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Solving a two variable equation

  1. Apr 26, 2012 #1
    1. The problem statement, all variables and given/known data

    For every (x,y) in Z^2 solve : 6x-5y=1


    3. The attempt at a solution

    I did 6x=5y+1 and then i said let x=5n+1 so then we get 6(5n+1)=5y+1 and that gives that y=6n+1 so the solution is (5n+1,6n+1). Is this the correct way of solving this?
     
  2. jcsd
  3. Apr 26, 2012 #2

    ehild

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    I do not quite follow your way of thinking but the result is correct.

    I would say that 6x-5y=5(x-y)+x=1, x=1+5(y-x) and let n=y-x (integer)

    Then x=5n+1, and substituting for x into the original equation (as you did), it follows that y= 6n+1.

    ehild
     
  4. Apr 26, 2012 #3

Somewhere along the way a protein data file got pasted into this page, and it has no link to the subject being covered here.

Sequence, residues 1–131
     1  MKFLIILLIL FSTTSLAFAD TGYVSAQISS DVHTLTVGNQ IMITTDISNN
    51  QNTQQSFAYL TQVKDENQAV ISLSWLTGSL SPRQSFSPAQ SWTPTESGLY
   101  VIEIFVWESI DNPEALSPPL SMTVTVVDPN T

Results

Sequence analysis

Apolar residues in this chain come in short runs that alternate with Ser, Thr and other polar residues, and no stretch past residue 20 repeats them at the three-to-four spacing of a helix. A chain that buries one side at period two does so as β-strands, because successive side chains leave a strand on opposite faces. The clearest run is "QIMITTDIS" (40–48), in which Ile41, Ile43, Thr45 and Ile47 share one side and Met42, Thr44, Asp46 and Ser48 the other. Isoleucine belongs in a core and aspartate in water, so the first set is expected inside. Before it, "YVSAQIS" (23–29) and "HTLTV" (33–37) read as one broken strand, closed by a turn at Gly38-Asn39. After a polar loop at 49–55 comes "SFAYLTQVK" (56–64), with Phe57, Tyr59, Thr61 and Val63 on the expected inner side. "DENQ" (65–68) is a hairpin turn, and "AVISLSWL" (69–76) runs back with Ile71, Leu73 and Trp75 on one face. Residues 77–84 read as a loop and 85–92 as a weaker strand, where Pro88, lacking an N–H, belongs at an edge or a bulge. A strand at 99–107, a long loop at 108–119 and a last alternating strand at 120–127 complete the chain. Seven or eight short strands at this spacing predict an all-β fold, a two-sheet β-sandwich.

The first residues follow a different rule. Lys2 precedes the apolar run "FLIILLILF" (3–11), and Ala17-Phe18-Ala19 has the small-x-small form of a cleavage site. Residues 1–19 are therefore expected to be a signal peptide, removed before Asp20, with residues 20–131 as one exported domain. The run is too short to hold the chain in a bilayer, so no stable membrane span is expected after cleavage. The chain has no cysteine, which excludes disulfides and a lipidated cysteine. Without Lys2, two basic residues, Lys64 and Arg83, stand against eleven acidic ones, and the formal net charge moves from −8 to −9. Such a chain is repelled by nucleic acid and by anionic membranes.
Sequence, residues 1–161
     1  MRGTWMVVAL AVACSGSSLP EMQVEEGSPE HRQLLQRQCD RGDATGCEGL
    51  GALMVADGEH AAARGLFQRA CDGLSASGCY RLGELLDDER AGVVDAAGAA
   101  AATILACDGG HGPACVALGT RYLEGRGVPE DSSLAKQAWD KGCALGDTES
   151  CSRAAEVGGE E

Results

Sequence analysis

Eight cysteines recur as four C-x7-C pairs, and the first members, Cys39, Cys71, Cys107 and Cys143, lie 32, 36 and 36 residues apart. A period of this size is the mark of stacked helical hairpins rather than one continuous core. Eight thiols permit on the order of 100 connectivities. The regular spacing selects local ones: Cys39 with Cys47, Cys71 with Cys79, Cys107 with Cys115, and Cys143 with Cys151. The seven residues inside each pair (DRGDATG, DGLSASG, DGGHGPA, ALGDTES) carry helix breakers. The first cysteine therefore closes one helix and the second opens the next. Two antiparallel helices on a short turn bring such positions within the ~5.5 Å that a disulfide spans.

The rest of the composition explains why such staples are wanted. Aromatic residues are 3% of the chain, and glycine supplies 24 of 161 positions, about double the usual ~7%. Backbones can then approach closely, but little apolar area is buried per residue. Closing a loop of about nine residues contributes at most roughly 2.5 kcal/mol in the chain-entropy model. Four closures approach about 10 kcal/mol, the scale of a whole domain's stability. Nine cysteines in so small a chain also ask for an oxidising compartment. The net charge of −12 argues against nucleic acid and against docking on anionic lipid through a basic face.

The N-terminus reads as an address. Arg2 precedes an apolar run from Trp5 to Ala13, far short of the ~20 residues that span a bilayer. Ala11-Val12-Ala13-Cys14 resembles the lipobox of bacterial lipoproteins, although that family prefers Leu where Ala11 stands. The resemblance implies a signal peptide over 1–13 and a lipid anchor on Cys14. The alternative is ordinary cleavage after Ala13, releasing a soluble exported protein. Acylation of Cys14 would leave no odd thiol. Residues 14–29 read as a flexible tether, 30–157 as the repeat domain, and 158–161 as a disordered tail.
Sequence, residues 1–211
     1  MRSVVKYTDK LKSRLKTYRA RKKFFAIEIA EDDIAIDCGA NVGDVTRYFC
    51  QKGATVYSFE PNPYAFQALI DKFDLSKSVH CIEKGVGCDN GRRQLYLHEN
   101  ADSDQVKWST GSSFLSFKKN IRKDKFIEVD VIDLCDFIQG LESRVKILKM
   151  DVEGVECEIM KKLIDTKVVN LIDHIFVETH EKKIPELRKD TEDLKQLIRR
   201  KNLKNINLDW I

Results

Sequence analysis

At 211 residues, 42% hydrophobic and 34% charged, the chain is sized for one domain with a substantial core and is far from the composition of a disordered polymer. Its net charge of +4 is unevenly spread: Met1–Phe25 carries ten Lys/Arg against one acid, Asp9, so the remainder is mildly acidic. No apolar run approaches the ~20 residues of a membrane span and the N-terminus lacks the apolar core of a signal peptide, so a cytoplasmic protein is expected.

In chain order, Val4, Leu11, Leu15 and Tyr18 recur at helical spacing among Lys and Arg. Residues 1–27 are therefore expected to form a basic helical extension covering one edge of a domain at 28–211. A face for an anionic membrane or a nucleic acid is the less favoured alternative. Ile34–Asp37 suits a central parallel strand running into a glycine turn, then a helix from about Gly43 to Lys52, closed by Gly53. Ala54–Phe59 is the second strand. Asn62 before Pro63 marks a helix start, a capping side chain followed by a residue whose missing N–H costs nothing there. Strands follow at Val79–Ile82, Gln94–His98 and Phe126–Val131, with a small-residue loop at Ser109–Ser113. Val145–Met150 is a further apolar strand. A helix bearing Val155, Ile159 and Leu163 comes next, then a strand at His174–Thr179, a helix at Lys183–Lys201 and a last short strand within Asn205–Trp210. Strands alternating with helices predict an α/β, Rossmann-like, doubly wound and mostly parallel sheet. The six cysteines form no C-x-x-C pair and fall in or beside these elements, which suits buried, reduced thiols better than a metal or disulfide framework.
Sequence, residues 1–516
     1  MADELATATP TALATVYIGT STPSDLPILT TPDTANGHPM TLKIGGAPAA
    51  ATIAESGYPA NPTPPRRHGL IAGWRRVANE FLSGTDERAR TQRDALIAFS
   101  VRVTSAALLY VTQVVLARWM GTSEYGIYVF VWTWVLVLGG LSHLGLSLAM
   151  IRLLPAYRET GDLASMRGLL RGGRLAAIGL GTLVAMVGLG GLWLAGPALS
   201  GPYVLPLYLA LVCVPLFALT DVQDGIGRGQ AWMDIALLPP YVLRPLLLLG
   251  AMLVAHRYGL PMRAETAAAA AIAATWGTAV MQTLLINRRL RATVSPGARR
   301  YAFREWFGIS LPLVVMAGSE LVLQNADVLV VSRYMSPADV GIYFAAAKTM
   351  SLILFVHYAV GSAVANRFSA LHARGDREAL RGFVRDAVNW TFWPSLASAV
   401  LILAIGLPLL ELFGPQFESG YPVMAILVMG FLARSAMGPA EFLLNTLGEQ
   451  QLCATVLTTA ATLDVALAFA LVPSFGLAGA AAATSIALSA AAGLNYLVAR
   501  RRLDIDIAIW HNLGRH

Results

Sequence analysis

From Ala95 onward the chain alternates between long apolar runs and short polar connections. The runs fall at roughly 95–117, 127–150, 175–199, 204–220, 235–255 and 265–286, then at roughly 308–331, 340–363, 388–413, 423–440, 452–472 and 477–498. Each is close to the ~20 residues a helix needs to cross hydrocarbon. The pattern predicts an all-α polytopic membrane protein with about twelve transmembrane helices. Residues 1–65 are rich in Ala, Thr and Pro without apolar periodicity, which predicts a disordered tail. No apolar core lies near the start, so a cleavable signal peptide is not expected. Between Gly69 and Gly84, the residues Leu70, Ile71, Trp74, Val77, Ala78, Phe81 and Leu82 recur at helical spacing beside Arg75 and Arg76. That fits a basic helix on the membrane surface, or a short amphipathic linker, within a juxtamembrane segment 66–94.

Yes, that's a clever way that you did. You can also work with congruences .

    6x Ξ 1(mod5) and split up the 6x into 5x+x and then you'll be left with x Ξ 1(mod5).

    Is that correct as well??
     
  5. Apr 26, 2012 #4

    HallsofIvy

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    First it is incorrect to say "For every (x, y) in Z2 solve...". It should be simply "For (x, y) in Z2 solve ..."

    The simplest way to solve this is to note that 6- 5= 1 so (1, 1) is a solution. Further if we take x= 1- 5k and y= 1+ 6k, 6x+ 5k= 6(1+ 5k)- 5(1+ 6k)= 6+ 30k- 5- 30k= 1 for all k. That is, any (x,y) of the form (1+ 5k, 1+ 6k), for k any integer, which is, of course, the same as your solution, is a correct solution.
     
  6. Apr 27, 2012 #5

    vela

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    Yes, that's correct.
     
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